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Sunday, 04 February 2007
Poland

dziennik polska

This is a Polish language newspaper on display on the main paper stand in the supermarket. It is a sign of the high level of recent Polish immigration into the UK.  In August last year it was reported that 600,000 immigrants from Eastern Europe had entered the UK, more than half of them Polish.  The UK is not the only country thus affected: Sweden and Ireland have also opened their doors to Eastern European migrants.

I found this 2005 article interesting because it focuses on the history of Polish immigration:

For more than a century, Poland has been one of the largest sending areas in Central and Eastern Europe and a vast reservoir of labor for many countries in Western Europe and North America. Poland’s geographical and political location predestined it to struggle amidst the interplay between the West and the East, in both historical and cultural perspectives as well as economic and social contexts.

It goes on to look at the future challenges Poland faces, although the prediction (in 2005) that emmigration from Poland was dropping off was perhaps a bit off the mark.

Posted by bigblue on 04/02/2007 at 10:01 PM
Filed under: EuropeUnited KingdomEngland • (0) CommentsPermalinkBookmark or Share
Saturday, 03 February 2007
Planes Trains and Automobiles

magazine rack

The stationary shop at London’s Victoria Station has a whole section on planes. Although there are two titles in here about automobiles, there is a separate section for motor cars and bikes.  The train spotters also have their own section, as do the model railway entheusiasts. I once met someone who worked for Bombadier in Derby and he said that he believed the fascination that certain people have for a topic like railways, trains, planes and automobiles has something to do with a type of personality who likes to know everything about a defined subject matter. There is a finite scope of knowledge (with a “factual bent”) that one can have on one of these subjects (as opposed to a topic like 19th Century Germany Philosophy) and they are relatively static subject areas.  So you could say there is a low entry level to becoming a “know it all”.  That was the gist of this acquaintance’s theory. However I am sure that some people just develop an interested in planes, trains and automobiles as a child and it becomes a hobby like any other.

Posted by bigblue on 03/02/2007 at 10:34 PM
Filed under: EuropeUnited KingdomEngland • (4) CommentsPermalinkBookmark or Share
Friday, 02 February 2007
Underground

underground commuter

Yesterday I took the train into London, then rumbled slowly across London to work on the Piccadilly Line.  It was not a great experience: I should have taken the Metropolitan Line. The train stopped at unscheduled stops - between stations as well as at stations that don’t appear on the map. I had to reassure an Italian man that we were on the right train as he was concerned that we had not reached his destination. At one point the train stopped at an angle (due to the camber of the track) and he announced that they were working on the line, making tilting motions with his arms at the same time. I looked at him and gave a vague nod. He took the nod as agreement whie the other people in the carriage took it as representing me in thought (at least that is what I hoped). The Italian man alighted at Acton Town and I went back to my iPod.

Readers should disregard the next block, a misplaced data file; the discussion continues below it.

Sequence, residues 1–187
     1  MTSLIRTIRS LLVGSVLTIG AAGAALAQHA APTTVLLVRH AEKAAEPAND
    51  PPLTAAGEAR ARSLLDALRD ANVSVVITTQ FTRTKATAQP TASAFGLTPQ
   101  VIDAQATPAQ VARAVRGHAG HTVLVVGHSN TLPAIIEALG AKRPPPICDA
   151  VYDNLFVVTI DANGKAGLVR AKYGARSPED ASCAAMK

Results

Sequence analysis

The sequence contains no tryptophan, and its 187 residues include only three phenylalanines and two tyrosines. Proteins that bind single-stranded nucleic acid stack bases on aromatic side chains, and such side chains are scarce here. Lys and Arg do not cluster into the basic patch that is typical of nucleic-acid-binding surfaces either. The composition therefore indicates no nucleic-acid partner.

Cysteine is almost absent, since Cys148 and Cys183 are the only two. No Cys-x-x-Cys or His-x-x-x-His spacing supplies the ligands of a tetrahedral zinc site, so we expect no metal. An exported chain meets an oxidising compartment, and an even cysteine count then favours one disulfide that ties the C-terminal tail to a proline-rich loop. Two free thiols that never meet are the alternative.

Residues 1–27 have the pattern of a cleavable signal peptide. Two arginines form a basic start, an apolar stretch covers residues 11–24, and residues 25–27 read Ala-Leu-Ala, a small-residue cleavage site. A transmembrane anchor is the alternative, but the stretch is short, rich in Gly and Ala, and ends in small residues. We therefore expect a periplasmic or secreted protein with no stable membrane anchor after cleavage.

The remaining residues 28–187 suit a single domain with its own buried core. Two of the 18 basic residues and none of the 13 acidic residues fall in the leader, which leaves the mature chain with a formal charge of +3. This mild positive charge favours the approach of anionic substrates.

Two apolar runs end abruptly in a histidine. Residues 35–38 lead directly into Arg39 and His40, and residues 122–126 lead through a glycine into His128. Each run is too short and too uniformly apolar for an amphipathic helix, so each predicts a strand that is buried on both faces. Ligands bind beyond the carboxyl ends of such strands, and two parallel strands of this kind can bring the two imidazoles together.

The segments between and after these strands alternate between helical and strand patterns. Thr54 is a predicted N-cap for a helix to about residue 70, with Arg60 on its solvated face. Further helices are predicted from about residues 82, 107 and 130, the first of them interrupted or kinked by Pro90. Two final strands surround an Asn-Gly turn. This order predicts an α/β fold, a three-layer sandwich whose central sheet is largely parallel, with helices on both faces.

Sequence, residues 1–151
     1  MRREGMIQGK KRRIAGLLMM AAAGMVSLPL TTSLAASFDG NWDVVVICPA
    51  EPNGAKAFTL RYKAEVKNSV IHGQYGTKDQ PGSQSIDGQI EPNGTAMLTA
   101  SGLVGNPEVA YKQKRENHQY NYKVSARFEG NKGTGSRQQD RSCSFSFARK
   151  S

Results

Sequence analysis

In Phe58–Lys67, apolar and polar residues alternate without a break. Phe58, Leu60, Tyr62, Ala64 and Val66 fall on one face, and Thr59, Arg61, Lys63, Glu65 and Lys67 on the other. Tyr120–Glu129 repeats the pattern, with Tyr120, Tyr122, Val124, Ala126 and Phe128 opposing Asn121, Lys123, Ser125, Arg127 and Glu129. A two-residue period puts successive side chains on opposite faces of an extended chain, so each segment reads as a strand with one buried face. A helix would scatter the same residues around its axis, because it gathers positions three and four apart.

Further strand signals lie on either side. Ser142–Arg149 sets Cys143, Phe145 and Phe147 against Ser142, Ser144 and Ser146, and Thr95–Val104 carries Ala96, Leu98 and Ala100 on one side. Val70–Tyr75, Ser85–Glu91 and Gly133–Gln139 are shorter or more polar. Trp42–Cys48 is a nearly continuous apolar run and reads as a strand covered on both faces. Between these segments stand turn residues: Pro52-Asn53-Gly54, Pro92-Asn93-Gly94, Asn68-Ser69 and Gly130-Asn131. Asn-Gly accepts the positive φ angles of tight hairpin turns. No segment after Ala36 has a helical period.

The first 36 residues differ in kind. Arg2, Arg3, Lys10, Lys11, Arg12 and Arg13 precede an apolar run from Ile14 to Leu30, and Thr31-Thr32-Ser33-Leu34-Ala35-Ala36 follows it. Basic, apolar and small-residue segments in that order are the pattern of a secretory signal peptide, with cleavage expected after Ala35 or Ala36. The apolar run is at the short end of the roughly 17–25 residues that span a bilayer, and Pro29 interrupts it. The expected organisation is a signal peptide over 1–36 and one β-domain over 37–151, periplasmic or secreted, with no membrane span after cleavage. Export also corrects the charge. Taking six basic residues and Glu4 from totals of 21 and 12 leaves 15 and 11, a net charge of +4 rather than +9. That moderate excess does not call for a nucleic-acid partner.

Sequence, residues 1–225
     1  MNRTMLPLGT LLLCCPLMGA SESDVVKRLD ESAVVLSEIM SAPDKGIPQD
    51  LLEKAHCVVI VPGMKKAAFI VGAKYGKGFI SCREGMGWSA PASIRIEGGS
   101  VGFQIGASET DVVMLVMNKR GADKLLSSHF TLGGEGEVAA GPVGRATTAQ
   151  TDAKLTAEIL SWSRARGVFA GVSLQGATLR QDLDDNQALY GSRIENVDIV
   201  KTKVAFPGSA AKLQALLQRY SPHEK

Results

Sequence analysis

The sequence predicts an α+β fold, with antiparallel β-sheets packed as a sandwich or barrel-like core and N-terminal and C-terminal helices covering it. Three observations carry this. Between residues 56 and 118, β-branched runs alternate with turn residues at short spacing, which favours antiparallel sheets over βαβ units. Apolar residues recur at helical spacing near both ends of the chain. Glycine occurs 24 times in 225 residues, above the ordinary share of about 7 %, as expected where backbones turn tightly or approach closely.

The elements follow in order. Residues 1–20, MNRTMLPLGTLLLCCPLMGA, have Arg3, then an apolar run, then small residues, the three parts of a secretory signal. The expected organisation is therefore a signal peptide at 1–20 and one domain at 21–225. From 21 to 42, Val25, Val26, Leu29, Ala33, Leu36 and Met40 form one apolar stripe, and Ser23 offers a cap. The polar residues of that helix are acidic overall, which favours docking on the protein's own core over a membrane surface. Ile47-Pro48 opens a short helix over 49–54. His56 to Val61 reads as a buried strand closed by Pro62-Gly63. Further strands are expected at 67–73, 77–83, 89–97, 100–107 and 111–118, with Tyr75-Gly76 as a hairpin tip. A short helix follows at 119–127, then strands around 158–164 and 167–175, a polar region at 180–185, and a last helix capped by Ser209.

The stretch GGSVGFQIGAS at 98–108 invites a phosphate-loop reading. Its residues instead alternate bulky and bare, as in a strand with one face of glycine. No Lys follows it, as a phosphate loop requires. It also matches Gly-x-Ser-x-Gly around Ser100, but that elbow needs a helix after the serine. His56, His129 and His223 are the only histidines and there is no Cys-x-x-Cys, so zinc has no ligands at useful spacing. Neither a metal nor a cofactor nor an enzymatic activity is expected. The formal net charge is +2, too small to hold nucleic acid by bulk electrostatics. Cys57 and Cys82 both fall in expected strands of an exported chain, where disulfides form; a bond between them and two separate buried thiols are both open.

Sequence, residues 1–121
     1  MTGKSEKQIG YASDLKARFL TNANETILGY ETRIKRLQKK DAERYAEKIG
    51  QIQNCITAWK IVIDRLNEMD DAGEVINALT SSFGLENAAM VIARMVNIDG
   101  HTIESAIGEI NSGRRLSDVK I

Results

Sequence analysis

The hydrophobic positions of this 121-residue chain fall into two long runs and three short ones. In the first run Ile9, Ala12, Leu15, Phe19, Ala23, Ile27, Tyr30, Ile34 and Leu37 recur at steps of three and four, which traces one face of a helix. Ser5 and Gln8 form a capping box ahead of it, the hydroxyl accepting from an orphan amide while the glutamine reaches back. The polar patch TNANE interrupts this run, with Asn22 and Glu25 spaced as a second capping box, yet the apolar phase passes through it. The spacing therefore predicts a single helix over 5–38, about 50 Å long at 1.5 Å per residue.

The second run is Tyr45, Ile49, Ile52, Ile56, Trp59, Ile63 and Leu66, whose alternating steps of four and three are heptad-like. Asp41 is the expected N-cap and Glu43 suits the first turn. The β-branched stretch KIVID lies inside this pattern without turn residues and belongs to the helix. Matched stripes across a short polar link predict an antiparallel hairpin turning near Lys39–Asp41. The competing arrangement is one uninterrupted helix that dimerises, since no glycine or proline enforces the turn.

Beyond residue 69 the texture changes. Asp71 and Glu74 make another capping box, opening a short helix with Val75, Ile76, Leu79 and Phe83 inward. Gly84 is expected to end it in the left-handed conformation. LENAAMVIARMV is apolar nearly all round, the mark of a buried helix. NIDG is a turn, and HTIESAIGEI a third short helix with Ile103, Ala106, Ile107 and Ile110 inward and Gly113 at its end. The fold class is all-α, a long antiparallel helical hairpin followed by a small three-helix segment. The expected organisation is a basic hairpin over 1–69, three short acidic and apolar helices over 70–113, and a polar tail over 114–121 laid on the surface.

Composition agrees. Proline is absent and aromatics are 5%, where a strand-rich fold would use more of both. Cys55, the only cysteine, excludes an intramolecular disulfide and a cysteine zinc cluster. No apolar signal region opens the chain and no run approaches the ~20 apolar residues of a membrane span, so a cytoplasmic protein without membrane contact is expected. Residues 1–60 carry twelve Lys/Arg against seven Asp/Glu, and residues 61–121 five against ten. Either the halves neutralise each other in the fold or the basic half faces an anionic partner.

Recommended link: Pod of Funk.

Posted by bigblue on 02/02/2007 at 06:44 AM
Filed under: EuropeUnited KingdomEngland • (3) CommentsPermalinkBookmark or Share
Thursday, 01 February 2007
keystone

keys quartz

I used this photograph in an earlier design of this blog, and although it’s not a brilliant photo I am quite attached to it because of the composition and in particular the old keys which bring back memories of the house where my room was locked by a key like this. There was only one key to the room, and we couldn’t get another cut, because the locksmiths didn’t work with these old designs any more.

Yesterday brought news that that South African rogue, Sol Kerzner, was awarded a super-casino licence in the UK.  In the 1980s Kerzner (and his lawyer David Bloomberg) admitted to bribing apartheid officials and politicians with millions of Rands to secure exclusive gambling rights in the bantustan territories of South Africa.  It’s in this obituary to one of the corrupt politicians:

Three months later, however, the Transkei security services showed me and other senior officers documents, including bank statements and transfer records, proving that casino magnate Sol Kerzner had paid George Matanzima’s cabinet R2-million for exclusive gambling rights in Transkei….

The Kerzner bribe was referred to a commission of inquiry, which confirmed that the money was paid to Matanzima, who distributed it among his cabinet ministers….

George Matanzima was later sentenced to nine years in prison for his role in this scandal, serving three. The military government also tried to extradite Kerzner and other South Africans to face the music, including directors of JALC Construction. South Africa’s Foreign Affairs Department flatly refused to cooperate.

Kerzner and Bloomberg (a former Mayor of Cape Town) admitted the payments, but said that it had been “extorted” from them.  In the end they both avoided prosecution under shady circumstances and legal delays.

Hat tip: Ministry of Truth

Posted by bigblue on 01/02/2007 at 06:42 AM
Filed under: EuropeUnited KingdomEngland • (4) CommentsPermalinkBookmark or Share
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